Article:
Are these Pitcher’s 2015 MLB stats Legit? – Sports Debate


Two months of MLB action are in the books, but are these dominant pitchers for real? Time for Honest Chicanery, true or false, with three MLB pitching lines. 2015 MLB stats get the sports debate treatment.

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We’re back for a second helping of everyone’s favorite game…

Honest Chicanery!

For a refresher, here are the rules. I will supply you with an item followed by a piece of information pertaining to that item. The item can be a team, player, etc. The information will usually be a stat of some kind. It is then your job to say whether that information is Honest (True) about the item: implies the correct assumption, or whether it is Chicanery (False): implies the wrong assumption.

So if a bad player is hitting .410, and he will surely regress, the .410 batting average is pure Chicanery. Simple, right?

And, as always, there is a correct answer! Even though this seems strictly opinion-based, that is just smoke and mirrors. I’ll fill you in during rebuttal on where you screwed up or what you nailed.

And we’re off (all stats as of 6/6)…

1) James Shields – 7-0 record, the only qualified pitcher without a loss this season. Honest or Chicanery?

2) Andrew Cashner – 2-8 record, the most losses in baseball. Honest or Chicanery?

3) Dallas Keuchel – 3.7 WAR, tied for most among all pitchers. Honest or Chicanery?

James Shields is 7-0

James Shields is 7-0


Prepare for some solid Major League Baseball truth coming your way. We’re over sixty games into the 2015 season, so its do or die time for these three players.

1) James Shields’ undefeated record of 7-0 for the Padres is chicanery, a trick of the statistical eye. Shields has recorded double-digit wins for eight seasons in a row, every year since his rookie season. Yet he’s also lost 8 or more games every year.

The real anomaly of Shields’ career were his eleven complete games in 2011. Otherwise he’s been a tremendously consistent pitcher. He’s having a great year, likely to end with 15 wins and another 8 losses.

2) Andrew Cashner‘s abysmal record so far, with the most losses of any pitcher in baseball, is honest. He’s only had a winning season once in his entire career, usually coming in slightly below a .500 record.

I see little reason for Cashner to rebound into a winning pitcher. He’s been okay throughout his career, and if average is the best San Diego can hope for, then I doubt the Padres will wait much longer than July to pull the plug.

3) Dallas Keuchel‘s outstanding WAR is honest. He’s matching that stat with an excellent record of 7-1 for an Astros team that’s currently dominating baseball.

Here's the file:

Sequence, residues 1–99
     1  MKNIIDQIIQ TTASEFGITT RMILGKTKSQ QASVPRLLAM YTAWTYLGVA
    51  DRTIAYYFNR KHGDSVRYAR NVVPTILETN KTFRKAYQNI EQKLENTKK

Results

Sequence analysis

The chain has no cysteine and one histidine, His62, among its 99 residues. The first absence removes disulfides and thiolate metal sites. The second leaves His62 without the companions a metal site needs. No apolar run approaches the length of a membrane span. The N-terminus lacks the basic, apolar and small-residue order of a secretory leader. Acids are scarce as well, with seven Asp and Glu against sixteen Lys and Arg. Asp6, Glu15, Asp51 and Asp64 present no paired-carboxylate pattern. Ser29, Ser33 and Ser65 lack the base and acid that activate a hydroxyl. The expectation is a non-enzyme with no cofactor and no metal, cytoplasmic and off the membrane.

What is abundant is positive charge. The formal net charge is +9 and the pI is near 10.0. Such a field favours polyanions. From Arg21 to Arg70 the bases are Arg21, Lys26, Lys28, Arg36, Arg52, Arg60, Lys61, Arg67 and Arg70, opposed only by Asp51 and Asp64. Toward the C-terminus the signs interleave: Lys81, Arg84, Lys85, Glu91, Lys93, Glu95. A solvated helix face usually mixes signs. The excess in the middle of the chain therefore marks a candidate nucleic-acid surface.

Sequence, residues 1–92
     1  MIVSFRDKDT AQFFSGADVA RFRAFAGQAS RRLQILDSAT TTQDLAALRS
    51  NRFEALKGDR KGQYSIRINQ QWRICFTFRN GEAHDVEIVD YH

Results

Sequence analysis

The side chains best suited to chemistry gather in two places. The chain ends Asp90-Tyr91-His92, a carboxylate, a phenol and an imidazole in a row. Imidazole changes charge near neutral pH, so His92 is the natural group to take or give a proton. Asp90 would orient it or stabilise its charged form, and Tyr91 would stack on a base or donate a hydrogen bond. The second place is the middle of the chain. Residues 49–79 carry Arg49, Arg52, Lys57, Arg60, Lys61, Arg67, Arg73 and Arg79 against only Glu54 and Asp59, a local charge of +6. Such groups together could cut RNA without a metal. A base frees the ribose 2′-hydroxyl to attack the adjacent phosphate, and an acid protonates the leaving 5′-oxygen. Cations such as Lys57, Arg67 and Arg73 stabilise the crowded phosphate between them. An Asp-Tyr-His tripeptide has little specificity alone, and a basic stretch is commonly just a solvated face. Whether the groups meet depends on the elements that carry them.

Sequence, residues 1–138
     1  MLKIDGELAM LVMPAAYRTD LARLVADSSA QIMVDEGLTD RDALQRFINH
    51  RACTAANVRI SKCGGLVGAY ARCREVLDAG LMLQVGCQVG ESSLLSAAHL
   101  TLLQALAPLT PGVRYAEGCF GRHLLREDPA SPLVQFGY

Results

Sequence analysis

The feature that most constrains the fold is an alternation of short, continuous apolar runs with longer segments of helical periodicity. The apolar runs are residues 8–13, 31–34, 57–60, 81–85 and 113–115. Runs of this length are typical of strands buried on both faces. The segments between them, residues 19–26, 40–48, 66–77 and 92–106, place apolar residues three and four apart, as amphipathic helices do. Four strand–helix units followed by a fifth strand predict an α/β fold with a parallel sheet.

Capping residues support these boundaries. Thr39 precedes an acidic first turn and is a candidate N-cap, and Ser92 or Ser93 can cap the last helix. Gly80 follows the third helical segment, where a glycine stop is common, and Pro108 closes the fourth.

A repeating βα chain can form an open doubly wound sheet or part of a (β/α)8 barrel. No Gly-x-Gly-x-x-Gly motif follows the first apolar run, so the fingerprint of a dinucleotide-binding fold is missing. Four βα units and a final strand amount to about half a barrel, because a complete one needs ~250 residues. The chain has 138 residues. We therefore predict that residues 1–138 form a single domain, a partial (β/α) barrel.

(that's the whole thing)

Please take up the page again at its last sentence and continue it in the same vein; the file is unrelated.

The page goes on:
Although finishing last year with a 5.1 WAR and a 12-9 record, I believe Keuchel is on a winning path along with the entire Houston ballclub. He improved dramatically from 2013 to 2014 and is doing it again this season.


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It’s interesting that you took such a long-term outlook on this round of Honest Chicanery. In my mind, wins and losses are fluky enough where you don’t need to look past the season a player is having to know whether the record is true or not.

1) With James Shields, you got the correct answer but from the wrong information. Shields’ undefeated record is pure Chicanery not because of his past seasons of 15 wins but because this season he hasn’t been as good as that 7-0 record might imply. Shields has an average 3.58 ERA and 1.20 WHIP. Those figures are okay but seem worse after factoring in his home starts at spacious Petco Park. In fact, his ERA+, a figure adjusted for ballpark and other factors, is exactly 100, exactly average.

The 92 strikeouts in 75 innings are great; the league-leading 15 home runs allowed are…not. This entire season thus far for Shields has been a case of uncharacteristic run support inflating an otherwise pedestrian stat line.

2) With Andrew Cashner, it’s much the same story. Why look at his career totals when you can glean enough information from this very season? Of course, the call on whether Cashner’s 2-8 record is Honest or Chicanery depends on what you’re getting at. Is Cashner the worst pitcher in baseball as his league-leading losses total might suggest? No, definitely not. He hasn’t been good though.

Cashner’s start on the first of June is a microcosm of his season and one of the most inexplicable stat lines of the season. He got knocked around in 4.2 innings, allowing 11 hits and six runs. He also struck out 12 batters and walked none! He is a talented dude; the 2-8 record remains kind of honest though.

3) With Dallas Keuchel you were finally correct to look at how his career is trending, and you made the right call. He has gotten significantly better every season, culminating in being a Cy Young frontrunner in 2015. The rise of the Astros has meshed around the rise of Keuchel. I’m not sure I’d take him as the AL’s best arm, but he’s in the discussion.

Nice work that round; you went 3-for-3.



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